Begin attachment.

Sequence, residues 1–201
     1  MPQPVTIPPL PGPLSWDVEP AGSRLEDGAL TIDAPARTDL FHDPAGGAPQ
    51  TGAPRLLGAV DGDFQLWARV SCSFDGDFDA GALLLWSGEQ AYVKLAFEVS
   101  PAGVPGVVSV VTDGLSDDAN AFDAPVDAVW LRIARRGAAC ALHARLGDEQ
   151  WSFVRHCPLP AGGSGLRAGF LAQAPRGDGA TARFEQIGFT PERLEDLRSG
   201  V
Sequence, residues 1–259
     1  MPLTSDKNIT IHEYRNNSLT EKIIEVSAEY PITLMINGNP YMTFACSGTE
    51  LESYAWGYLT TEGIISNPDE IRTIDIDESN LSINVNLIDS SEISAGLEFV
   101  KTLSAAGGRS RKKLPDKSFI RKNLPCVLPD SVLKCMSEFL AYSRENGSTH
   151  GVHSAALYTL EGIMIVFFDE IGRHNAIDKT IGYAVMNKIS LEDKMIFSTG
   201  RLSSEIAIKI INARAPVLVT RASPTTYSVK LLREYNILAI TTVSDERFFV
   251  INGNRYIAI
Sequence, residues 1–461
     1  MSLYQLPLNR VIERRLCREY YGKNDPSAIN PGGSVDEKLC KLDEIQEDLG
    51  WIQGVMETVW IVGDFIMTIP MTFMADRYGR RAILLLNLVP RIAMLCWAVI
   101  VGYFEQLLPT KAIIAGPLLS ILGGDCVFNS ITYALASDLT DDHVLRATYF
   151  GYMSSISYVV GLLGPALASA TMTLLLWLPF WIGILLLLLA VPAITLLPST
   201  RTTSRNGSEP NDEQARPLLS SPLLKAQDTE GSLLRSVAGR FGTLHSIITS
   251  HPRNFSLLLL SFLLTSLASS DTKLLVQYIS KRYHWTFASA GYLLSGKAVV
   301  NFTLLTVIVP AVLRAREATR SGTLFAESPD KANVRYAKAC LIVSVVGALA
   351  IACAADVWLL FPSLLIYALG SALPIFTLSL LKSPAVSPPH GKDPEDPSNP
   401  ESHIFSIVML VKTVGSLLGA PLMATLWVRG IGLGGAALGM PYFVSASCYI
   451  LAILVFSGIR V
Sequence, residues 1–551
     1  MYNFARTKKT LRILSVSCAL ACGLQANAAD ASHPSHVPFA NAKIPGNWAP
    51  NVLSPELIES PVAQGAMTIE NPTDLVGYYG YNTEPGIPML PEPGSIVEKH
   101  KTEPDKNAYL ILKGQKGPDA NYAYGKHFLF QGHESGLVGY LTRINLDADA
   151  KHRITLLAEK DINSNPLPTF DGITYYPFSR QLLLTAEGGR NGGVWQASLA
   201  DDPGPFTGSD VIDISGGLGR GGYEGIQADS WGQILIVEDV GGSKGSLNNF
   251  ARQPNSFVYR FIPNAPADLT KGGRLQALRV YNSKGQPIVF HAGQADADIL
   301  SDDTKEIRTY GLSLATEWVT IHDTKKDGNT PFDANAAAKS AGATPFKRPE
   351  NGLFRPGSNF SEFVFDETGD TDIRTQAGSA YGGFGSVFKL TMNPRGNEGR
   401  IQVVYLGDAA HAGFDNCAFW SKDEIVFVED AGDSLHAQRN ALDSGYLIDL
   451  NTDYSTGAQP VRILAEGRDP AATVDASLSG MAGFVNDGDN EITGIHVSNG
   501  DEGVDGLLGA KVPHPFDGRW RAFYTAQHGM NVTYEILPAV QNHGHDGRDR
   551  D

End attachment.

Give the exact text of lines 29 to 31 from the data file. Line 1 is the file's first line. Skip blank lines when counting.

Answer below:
   151  KHRITLLAEK DINSNPLPTF DGITYYPFSR QLLLTAEGGR NGGVWQASLA
   201  DDPGPFTGSD VIDISGGLGR GGYEGIQADS WGQILIVEDV GGSKGSLNNF
   251  ARQPNSFVYR FIPNAPADLT KGGRLQALRV YNSKGQPIVF HAGQADADIL